Organisers Verena Pschorn, left, Glenn Davidson and Han Mā are all smiles at what’s on offer at the Whangārei Fringe Festival.
Photo / Michael Cunningham
The Whangārei Fringe Festival 2022 hits the district’s doorstep today promising two weeks of weird and wonderful creativity.
A new chapter is starting in Whangārei with the debut of a Human Library – an idea borrowed from the faraway shores of Denmark.
Organisers Verena Pschorn and Han Mā were drawn to the concept’s ability to share the stories of people burdened by societal labels.
Twelve people, the youngest 16 and eldest in their 70s, will become human books tomorrow at the Whangārei Central Library.
People are invited – for free – to come and check out a human book, whose titles range from former addict, young transgender, Māori within the court system, dyslexic, Hijab-wearing Muslim, Christian, abuse survivor and more.
The process of loaning a book translates to sitting down for 20 to 30 minutes, either one-on-one or in a group, and asking any burning questions or sharing stories.
Pschorn said both she and Mā were involved in Whangārei PROUD, therefore, the idea of getting to know a person’s true self instead of a stereotype was close to their hearts.
“I think for us the whole concept is so powerful as you get these labels and everybody has an idea about what these labels entail to the point we often don’t know the people behind them or their lived reality.”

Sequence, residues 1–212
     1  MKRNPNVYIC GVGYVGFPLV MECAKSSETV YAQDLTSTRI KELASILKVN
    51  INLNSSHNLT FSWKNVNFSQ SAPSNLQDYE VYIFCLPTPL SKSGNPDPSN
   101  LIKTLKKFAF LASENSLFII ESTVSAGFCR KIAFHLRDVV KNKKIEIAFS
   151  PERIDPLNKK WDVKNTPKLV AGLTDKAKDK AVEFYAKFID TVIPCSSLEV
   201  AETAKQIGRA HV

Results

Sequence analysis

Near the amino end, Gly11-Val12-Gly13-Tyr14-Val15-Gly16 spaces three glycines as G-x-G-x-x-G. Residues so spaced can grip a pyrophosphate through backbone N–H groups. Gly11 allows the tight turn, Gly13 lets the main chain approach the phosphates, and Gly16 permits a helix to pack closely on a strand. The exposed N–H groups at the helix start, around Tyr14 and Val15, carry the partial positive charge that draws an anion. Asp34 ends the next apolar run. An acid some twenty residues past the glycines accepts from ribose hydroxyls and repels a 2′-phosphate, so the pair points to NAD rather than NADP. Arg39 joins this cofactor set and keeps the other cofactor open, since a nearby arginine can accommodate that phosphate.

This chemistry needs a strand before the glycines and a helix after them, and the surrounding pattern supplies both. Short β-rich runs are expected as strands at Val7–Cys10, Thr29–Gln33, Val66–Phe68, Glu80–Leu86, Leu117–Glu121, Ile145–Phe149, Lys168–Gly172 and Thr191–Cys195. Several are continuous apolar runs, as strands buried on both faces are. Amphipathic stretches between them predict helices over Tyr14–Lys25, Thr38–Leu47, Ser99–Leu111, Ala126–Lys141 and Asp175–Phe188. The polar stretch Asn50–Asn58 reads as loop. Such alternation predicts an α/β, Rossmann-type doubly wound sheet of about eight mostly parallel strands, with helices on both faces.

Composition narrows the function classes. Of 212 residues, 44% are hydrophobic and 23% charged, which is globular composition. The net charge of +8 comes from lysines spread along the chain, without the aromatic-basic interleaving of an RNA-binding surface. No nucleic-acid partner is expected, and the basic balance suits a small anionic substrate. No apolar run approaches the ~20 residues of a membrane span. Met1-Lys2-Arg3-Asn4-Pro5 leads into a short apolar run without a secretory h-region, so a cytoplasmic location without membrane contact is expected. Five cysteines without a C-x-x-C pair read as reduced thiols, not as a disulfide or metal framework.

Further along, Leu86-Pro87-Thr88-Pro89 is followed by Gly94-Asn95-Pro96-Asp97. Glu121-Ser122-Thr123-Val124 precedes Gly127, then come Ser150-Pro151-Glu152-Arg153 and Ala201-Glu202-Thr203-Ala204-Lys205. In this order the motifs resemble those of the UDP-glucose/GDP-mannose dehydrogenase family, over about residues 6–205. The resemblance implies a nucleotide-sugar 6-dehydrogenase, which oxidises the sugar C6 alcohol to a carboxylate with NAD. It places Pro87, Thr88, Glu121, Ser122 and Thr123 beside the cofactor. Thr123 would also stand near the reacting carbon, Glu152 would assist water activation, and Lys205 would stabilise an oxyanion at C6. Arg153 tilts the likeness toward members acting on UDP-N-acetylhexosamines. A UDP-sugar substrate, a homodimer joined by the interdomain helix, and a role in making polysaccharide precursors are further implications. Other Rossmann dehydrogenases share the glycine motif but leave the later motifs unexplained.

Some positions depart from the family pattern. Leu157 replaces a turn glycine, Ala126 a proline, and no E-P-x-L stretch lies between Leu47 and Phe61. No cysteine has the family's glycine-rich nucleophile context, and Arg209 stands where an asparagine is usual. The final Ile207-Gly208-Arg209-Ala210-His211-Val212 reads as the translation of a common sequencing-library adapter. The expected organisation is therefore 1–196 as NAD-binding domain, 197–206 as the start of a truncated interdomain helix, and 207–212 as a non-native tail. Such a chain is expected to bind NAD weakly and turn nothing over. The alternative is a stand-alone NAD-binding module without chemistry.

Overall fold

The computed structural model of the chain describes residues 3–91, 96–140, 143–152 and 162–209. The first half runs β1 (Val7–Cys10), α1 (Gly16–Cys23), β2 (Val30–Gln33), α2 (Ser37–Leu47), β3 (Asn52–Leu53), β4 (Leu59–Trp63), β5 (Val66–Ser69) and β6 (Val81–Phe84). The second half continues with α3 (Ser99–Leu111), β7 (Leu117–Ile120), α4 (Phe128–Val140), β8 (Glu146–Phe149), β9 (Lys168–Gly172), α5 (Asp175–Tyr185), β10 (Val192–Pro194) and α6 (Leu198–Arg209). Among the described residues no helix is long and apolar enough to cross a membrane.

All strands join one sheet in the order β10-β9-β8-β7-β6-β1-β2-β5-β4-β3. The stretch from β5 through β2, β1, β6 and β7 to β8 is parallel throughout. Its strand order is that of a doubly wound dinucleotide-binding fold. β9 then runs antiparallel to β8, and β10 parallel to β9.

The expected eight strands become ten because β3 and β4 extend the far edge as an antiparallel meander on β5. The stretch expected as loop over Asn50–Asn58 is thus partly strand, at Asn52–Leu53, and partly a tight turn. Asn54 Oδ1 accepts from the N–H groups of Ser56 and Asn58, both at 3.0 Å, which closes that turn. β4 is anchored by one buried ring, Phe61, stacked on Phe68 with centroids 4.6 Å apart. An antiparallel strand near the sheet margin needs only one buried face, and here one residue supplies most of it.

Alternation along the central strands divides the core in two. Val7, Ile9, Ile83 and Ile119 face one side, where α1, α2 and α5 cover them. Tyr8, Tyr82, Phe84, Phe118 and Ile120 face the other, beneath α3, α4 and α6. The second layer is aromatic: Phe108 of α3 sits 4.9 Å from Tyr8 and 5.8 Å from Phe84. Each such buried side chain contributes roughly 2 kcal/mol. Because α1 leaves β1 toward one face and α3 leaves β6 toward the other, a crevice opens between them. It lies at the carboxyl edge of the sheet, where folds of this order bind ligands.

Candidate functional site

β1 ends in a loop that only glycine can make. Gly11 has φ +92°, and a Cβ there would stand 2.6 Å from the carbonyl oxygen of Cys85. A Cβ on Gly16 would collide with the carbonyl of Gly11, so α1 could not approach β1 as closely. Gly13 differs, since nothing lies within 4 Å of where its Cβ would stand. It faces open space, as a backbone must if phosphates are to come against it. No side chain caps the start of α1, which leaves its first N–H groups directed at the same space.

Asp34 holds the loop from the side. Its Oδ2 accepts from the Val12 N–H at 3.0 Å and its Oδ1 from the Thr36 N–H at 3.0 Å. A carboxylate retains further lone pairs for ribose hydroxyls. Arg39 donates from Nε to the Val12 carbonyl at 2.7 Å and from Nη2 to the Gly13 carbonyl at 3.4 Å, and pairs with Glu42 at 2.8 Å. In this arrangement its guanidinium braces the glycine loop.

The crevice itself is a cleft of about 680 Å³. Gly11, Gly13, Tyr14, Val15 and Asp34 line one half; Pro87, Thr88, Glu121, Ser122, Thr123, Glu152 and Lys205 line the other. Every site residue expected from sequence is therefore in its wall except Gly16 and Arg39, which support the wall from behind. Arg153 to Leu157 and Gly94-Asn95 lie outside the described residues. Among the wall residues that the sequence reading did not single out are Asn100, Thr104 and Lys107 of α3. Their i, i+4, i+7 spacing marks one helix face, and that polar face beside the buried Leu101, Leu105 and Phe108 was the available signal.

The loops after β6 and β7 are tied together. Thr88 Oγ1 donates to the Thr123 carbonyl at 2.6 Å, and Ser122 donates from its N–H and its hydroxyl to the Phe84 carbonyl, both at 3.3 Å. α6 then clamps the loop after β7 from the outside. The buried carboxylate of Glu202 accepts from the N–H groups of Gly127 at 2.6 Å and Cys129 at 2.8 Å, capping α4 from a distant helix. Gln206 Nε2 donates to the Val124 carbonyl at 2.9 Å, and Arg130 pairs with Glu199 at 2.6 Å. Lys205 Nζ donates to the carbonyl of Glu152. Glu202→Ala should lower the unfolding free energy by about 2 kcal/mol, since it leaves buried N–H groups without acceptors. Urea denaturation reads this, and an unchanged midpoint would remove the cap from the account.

She and Mā stumbled upon Human Libraries on Facebook almost two years ago and were immediately struck.
They planned to debut the concept at last year’s Fringe festival but Covid put a stop to that. However, the delay has spurred a keen excitement to see the library brought to life.
“We have an amazing batch of people who’ve come forward in the last few weeks saying this sounds great – I need to do this, I really have something to say,” Pschorn said.
The public’s enthusiasm has dispelled the pair’s slight angst over Whangārei being a small town and the event where people laid their pages bare.
“People really want to share and about the things we don’t talk about in our day-to-day lives.”
Pschorn said while the Danes had been organising Human Libraries for 22 years, this was their first attempt and they planned to learn everything they could to hone future opportunities.
• The Human Library is in the Whangārei Central Library, 5 Rust Ave, from 9.30am on Saturday until 12.30pm. Check out other Fringe events via whangareifringe.co.nz